Month: June 2018

Korach | Numbers 16:1−18:32

In this week’s Torah portion, Korach, two divergent models of leadership are presented. The leadership of Korach, in the words of Rabbi Jonathan Sacks, is the prioritization of particularistic concerns from a heterogenous group of malcontents born of shattered hope and unrest. The second is that of Moses and Aaron, described eighteen times in Torah as “servants of God,” who sought only to teach, guide, advocate, and defend the early Israelites. Sacks’ takeaway is that “a true leader is a servant, not a master. He does not seek to set himself above others or lord it over them. Leadership as power, dominance, mastery, or rule has no place in Judaism.”
 
Too often our society overlooks those in servant leadership roles. Perhaps because they don’t command as much oxygen in a room, or because they prefer to empower others and stay out of the spotlight we miss them entirely. Yet it is often they who are truly effective, a lesson Moses and Aaron learned the hard way. When they lost their way, when they failed the challenge of remaining firm in their convictions as servants of God when presented with Korach’s model, they lost their place in the promised land. Join us on Saturday morning at 9:30am as we study these prooftexts from our tradition!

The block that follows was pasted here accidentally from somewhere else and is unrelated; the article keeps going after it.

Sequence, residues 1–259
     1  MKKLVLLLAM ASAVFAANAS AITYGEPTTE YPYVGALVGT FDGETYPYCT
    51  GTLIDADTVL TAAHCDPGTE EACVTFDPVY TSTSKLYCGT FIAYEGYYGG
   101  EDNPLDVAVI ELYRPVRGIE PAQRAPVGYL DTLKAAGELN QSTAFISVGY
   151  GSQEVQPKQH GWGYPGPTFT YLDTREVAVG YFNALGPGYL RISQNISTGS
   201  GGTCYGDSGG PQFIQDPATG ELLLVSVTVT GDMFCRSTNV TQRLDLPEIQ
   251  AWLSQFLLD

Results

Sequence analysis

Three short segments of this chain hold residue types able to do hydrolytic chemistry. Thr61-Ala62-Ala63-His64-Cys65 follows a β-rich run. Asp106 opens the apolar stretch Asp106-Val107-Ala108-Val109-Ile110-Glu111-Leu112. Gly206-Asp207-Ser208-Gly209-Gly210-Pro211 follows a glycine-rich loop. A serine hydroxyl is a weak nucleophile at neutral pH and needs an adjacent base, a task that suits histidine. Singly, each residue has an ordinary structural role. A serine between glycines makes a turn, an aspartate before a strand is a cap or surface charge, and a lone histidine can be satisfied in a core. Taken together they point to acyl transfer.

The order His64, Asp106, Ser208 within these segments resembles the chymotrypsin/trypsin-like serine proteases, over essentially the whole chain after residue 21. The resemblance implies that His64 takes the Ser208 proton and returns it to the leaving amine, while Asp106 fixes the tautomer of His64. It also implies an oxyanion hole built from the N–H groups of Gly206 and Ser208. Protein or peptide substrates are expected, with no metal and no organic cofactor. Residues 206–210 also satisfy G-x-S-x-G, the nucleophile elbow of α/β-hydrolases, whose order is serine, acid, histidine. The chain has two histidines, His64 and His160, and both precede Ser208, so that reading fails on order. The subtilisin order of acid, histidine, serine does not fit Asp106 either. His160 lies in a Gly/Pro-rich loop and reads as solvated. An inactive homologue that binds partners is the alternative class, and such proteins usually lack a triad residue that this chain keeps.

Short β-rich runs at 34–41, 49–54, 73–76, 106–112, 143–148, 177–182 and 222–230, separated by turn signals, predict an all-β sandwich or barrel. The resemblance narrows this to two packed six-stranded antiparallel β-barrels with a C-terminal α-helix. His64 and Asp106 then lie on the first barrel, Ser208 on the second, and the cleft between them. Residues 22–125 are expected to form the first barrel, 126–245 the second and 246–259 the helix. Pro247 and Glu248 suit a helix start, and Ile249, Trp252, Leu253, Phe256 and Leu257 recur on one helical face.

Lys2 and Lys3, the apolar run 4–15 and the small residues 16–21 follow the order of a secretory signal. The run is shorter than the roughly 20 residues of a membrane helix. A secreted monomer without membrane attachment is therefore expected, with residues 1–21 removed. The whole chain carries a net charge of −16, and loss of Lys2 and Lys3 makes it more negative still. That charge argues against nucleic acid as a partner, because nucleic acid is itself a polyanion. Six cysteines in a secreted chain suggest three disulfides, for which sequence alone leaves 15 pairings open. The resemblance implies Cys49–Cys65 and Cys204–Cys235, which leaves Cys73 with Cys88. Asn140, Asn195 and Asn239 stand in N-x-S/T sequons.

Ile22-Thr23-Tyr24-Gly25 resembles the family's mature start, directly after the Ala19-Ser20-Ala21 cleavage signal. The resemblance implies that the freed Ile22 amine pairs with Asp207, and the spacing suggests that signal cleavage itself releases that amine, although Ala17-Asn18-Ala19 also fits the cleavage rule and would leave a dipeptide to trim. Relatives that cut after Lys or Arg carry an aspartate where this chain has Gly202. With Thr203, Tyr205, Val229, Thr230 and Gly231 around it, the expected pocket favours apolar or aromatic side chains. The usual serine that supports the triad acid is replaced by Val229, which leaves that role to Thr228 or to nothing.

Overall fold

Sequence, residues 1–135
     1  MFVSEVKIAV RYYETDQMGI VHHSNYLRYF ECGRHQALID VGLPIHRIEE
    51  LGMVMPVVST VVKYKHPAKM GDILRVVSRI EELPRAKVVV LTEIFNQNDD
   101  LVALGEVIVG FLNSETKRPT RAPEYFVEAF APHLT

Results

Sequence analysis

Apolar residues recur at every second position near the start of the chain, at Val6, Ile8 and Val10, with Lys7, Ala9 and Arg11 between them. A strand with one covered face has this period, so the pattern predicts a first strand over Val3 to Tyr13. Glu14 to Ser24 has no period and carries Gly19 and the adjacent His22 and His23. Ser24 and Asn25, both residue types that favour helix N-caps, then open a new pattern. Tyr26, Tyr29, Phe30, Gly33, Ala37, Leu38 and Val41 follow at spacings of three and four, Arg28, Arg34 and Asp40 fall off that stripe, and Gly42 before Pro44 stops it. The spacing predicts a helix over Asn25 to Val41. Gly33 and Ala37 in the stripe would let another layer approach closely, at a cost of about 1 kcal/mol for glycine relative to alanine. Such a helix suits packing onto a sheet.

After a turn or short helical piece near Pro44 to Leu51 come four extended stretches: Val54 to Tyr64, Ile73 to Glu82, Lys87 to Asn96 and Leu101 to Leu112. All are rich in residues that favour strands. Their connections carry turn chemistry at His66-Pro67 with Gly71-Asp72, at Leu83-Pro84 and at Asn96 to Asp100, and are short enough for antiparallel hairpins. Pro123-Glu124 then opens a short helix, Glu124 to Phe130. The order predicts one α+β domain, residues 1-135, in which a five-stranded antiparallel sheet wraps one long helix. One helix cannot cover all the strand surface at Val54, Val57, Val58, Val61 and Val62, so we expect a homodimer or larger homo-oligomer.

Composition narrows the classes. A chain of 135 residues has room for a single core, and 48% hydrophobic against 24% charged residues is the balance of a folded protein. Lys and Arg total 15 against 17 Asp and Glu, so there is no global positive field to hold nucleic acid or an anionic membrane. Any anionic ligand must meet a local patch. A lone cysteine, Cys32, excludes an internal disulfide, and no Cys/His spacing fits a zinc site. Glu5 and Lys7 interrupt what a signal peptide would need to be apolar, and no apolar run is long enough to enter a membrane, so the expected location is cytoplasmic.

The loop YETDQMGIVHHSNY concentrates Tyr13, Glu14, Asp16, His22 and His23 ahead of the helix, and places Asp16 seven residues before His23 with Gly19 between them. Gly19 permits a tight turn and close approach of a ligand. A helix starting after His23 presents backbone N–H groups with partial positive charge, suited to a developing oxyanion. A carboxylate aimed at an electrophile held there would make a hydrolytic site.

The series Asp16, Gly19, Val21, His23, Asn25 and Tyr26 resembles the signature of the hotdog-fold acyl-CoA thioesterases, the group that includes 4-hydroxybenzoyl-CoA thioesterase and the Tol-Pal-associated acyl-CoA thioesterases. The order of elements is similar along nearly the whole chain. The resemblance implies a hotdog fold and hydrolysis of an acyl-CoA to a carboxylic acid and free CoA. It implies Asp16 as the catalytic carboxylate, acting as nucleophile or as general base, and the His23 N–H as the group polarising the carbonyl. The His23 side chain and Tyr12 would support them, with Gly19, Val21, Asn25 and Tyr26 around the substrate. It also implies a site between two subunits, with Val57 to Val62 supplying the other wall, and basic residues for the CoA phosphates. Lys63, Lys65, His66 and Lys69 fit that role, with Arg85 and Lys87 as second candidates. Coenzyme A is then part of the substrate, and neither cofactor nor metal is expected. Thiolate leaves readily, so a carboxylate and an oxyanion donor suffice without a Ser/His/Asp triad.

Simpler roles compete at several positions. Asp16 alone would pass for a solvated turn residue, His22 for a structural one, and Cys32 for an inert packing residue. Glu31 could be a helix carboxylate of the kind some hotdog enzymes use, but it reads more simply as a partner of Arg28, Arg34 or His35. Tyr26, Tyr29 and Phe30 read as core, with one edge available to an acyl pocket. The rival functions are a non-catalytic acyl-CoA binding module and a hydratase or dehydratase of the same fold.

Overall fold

- Rabbi Aaron Meyer

Sh'lach L'cha | Numbers 13:1−15:41

There's nothing like the unknown to amplify fear; and there's nothing like the wilderness to amplify the unknown. Our parsha this week, Sh'lach L'cha, features the famous story of the Israelite spies who ventured into the Promised Land to scout it out in advance of the rest of the wandering Israelites. It is a famous parsha for a few reasons: 1) it reinforces the image of the land being one "flowing with milk and honey," with produce so large that it requires multiple people to carry one bunch of grapes, 2) it is also a land full of "giants" to whom the Israelites "seem like grasshoppers," thus adding to the terror of it and 3) because two of the spies, Caleb and Joshua speak up in favor of entering the land - and they wind up being the only two of their generation who will survive to see the people enter in to it.